I’m not one of them. There’s no traffic jams in Toronto and I don’t miss them. Living in Canada is easier. It’s more expensive, true, but easier. Of course, I wouldn’t mind living in the states, but it didn’t happen.
In American sitcoms Canada is always a laughing matter. Would you happen to know why?
I haven’t really thought about that.
They make fun of their money.
I love it. They got hockey on it. That’s my type of country.
What did you like in Canada that you can’t find in Russia?
It’s a tough question. There a lot of little things but I can’t name one of the top of my head. Oh, wait – coffee. In Russia I have to make it at home, pour it in a thermo-cup and carry it around with me. Because you can’t buy good coffee here. Besides, my kids were born in Canada.
Do they speak Russian?
They can speak and read Russian. At home we speak only in Russian. But when I text them in Russian, they text me back in English. You can’t do anything about it – it’s their native language.
So they’re not connected to Russia in any way?
I wouldn’t put it that way. For instance, my older daughter understands Russian jokes. She likes watching KVN and Nasha Russia [comedy] shows. Although, my younger daughter is, of course, more Canadian. She’s 3 years younger and she speaks Russian with an accent.
What bothers you in Russia?
First of all in Canada I live in a house and in Russia – in a condo. After you’ve lived for some time in a house, it’s hard to get back to an apartment. Although, when it’s just you and not the family, it’s easier. There are a lot of little things really. Seriously – a lot. You asked me what bothers me. What really bothers me is that in Russia everybody seems gloomy. It’s quite noticeable with older people that come to North America. They think that everybody is laughing at them, while really everybody is just being friendly. It takes some time even for me to adjust to that when I come back to Canada. My wife often tells me: ‘Why are you so angry all the time?’. Because that’s what you get used to in Russia – never back down before anybody.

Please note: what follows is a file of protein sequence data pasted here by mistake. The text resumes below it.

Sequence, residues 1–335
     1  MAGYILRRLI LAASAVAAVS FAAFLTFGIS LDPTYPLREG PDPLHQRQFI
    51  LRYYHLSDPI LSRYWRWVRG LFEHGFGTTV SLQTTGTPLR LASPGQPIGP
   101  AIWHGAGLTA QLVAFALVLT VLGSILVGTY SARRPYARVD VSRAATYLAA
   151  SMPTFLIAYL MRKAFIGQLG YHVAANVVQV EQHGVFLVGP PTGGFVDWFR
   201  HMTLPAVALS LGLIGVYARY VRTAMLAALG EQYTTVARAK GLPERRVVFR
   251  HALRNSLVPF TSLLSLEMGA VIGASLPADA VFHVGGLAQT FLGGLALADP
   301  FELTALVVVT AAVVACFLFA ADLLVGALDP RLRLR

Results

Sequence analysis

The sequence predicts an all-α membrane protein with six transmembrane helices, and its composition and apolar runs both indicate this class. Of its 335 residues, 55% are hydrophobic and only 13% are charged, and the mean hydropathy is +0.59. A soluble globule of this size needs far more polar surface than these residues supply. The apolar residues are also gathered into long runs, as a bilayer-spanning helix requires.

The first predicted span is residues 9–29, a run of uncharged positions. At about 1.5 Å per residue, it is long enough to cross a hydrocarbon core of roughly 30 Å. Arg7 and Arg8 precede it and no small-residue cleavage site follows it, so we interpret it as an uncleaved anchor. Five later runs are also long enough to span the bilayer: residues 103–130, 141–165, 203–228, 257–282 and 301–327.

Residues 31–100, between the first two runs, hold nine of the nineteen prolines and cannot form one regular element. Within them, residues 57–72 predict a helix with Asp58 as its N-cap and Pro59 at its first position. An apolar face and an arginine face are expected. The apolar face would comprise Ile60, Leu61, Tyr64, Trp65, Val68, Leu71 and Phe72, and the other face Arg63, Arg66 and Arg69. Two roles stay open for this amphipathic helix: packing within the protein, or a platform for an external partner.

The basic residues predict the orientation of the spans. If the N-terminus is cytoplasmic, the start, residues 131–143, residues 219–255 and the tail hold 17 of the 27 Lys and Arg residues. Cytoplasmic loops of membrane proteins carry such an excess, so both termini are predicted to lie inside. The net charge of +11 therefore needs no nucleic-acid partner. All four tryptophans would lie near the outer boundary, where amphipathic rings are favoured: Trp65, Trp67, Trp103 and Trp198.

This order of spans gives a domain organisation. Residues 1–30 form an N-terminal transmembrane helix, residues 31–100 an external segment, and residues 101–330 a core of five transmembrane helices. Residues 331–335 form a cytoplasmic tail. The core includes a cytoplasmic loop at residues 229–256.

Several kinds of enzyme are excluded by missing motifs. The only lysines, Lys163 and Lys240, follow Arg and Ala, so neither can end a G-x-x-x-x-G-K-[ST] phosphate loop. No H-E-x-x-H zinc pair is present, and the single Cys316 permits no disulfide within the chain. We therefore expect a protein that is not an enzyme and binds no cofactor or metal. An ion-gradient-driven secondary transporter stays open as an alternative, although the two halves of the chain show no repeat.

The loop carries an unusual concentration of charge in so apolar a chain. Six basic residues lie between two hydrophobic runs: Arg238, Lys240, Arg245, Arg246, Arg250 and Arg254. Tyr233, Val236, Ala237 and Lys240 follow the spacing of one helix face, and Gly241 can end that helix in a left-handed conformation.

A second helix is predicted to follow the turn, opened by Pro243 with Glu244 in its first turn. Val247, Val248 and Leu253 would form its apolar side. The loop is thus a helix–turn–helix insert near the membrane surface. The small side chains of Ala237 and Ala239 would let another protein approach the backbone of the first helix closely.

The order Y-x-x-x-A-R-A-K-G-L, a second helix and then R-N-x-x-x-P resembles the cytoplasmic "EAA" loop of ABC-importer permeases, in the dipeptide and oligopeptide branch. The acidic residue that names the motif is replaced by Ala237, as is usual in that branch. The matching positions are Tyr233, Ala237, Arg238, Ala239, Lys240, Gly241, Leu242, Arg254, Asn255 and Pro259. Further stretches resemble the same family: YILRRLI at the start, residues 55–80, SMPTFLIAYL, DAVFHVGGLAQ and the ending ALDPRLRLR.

And in Canada you can relax?
When I’m in Canada, family stuff just keeps piling up. One day I’ve got to take my girls to ballet school, then I have to go to this place, then to that place and so on.
You’ve got 2 daughters. Do you want a son?
I do, but what can I do?
You can have 3 kids.
True, but it’s tough. I’m 40, so there’s going to be a huge age difference. He’ going to be 15 when I’ll be pushing 60. Who needs a father who can’t come to pick you up from school and walks around with a cane? It wasn’t meant to be and I’m ok with it. I have wonderful daughters.
Do they make you happy?
Of course. My older daughter resembles more my wife. And the younger one is more like me – she’s sturdy.
Have you tried to get them into sports?
We tried to get them into gymnastics, tennis and figure skating. They didn’t like too much. I didn’t want to force them. If there’s no passion, it’s foolish to push.
Your older daughter is 17. The guys must be interested in her but it must be tough when her dad is a hockey player.
You got that right. I’m always suspicious about her guys. You have to understand, there young players on my team, so I understand what their interests are. Honestly speaking, sometimes it frightens me.
Have you ever had to kick any of them from your house?
Never. But I would give a tight handshake and with a serious look. I think they understand what I mean by that. They’re not afraid of me but can’t look me in the eye. Anyway, I trust my daughter. She’s smart. She doesn’t make her father’s hair grow grey.